Corrections or additions?
This article by Nicole Plett was published
in U.S. 1 Newspaper on June 10, 1998. All rights reserved.
Animage: Kinetic Sculpture at Ground Level
Catharine Vaucher decided at an early age that she
would be a dancer. But it was not until she turned 16 and got a
licence that her studies began in earnest. Now the lifelong
artist — who earned an undergraduate degree in dance with another
in philosophy for added intellectual excitement — is launching
a new dance company unlike any she’s ever known.
The premiere performances by Animage (pronounced ah-nee-mage), her
new company, are Friday and Saturday, June 12 and 13, at 8:30 p.m.
at the Loft Theater of the Arts Council of Princeton. The program
is called "Earth Bound Spirit Creatures," and Vaucher
it as a dynamic and sensuous kinetic sculpture, a wordless poem
to give voice to the life force moving within all creatures.
The newly-formed ensemble of six, three men and three women, span
ages 25 to 52. Its members are Jasmine Ben-Reuven, Jeanne Jaubert,
Peter Krumins, Dan Marks, Michael Weaver, and Catharine Vaucher. None
apart from Vaucher are trained dancers. The array of real-life
represented includes a construction worker and a professional cellist.
Musicians Daniel Johnson and Stephen Witte accompany the Animage
with tabla drum, percussion, didgeridoo, flute, and voice.
Vaucher, now 42, says her company uses improvisation to explore the
body and movement as physical expressions of the soul. She describes
the work as the exploration of instinct, sensing, and action using
movement and improvisation that is "the result of collective
The name of the company, Animage, was invented to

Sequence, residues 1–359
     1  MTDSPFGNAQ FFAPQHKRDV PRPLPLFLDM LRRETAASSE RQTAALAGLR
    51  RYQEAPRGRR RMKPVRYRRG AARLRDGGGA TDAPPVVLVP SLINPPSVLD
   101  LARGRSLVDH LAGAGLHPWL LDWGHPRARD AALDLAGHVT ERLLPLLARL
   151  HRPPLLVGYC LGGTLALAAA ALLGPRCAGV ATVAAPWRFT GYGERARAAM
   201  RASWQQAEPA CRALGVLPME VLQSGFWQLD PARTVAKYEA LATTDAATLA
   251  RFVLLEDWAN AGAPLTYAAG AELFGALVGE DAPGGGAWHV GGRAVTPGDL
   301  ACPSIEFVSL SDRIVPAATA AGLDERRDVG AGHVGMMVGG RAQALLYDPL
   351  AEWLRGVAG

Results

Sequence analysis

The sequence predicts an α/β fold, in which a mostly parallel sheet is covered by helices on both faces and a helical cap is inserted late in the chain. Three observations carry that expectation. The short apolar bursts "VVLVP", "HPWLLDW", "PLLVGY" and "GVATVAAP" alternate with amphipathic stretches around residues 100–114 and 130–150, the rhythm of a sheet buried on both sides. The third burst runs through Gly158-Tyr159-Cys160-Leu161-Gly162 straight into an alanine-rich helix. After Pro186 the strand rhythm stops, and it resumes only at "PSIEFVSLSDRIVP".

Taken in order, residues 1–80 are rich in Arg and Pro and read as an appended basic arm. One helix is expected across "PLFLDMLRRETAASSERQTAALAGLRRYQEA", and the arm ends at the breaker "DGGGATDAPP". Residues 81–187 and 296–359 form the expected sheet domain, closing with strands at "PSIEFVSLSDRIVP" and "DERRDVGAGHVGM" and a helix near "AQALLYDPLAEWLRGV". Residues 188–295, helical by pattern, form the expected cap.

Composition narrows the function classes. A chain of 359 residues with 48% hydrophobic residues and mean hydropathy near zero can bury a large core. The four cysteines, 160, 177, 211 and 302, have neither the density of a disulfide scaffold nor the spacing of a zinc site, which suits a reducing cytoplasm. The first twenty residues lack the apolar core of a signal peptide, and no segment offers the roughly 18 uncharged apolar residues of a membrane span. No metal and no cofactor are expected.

Vaucher’s multi-faceted interests, including her interest in humans
as animals. "Our instinct, intuition, desires, and drives come
from the animal," she says, adding that the name also encompasses,
"anima," the Latin word for breath, life, and soul. The
"an image of anima."
"We tend to forget that we are animals," says Vaucher.
we’ve learned that being physical, animal, or instinctive is bad.
As a consequence many of us walk around feeling closed off from life.
When I teach I use a lot of imagery from the natural world. I find
this not only inspires new ways of moving, but also leads to an
appreciation of our place within the natural world."
Vaucher is dancer-in-residence at the Arts Council of Princeton where
she has been teaching creative dance classes to children and adults
since 1996. She says her classes are designed to develop movement
skills and cultivate creative living. "The work that we are doing
requires skill in dance and improvisation, and bespeaks of
moments of human experience," says Vaucher.
Born and raised in Orange County, California — "I still miss
the ocean," she says — Vaucher’s father was an electrical
engineer at Hughes Aircraft. Her mother was a homemaker until she
got divorced and joined the work force. Her sister, who is two years
older, now works as a massage therapist on the West Coast.
At 16 Vaucher began formal training in ballet. "I loved the ideal
and the perfection of it — to look and know if what you were doing
was right or wrong," she says. At Irvine, a required class in
theories of modern dance introduced her to that genre and "taught
me how to look at it."
Her undergraduate degrees — bachelors in both dance and philosophy
— are from University of California at Irvine. After college she
danced for Cylinder and the Techno Rebels. At the University of
Madison, where she earned her MFA, she took advantage of the school’s
strong dance therapy program, its effort-shape and movement analysis
studies. She also performed, choreographed, and researched dance
"I’ve learned a lot about dance by looking at other art forms.
studying philosophy, phenomenology, esthetics — I’ve learned about
looking at art, the value of art," she says. "Isadora Duncan